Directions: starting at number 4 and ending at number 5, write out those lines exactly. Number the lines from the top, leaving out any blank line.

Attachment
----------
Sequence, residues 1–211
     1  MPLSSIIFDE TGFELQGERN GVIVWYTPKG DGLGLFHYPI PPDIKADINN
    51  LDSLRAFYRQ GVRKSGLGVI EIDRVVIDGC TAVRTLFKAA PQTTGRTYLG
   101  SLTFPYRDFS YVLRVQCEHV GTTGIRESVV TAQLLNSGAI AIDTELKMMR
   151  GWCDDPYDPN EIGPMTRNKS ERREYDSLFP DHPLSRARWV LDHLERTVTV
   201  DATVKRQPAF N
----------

   101  SLTFPYRDFS YVLRVQCEHV GTTGIRESVV TAQLLNSGAI AIDTELKMMR
   151  GWCDDPYDPN EIGPMTRNKS ERREYDSLFP DHPLSRARWV LDHLERTVTV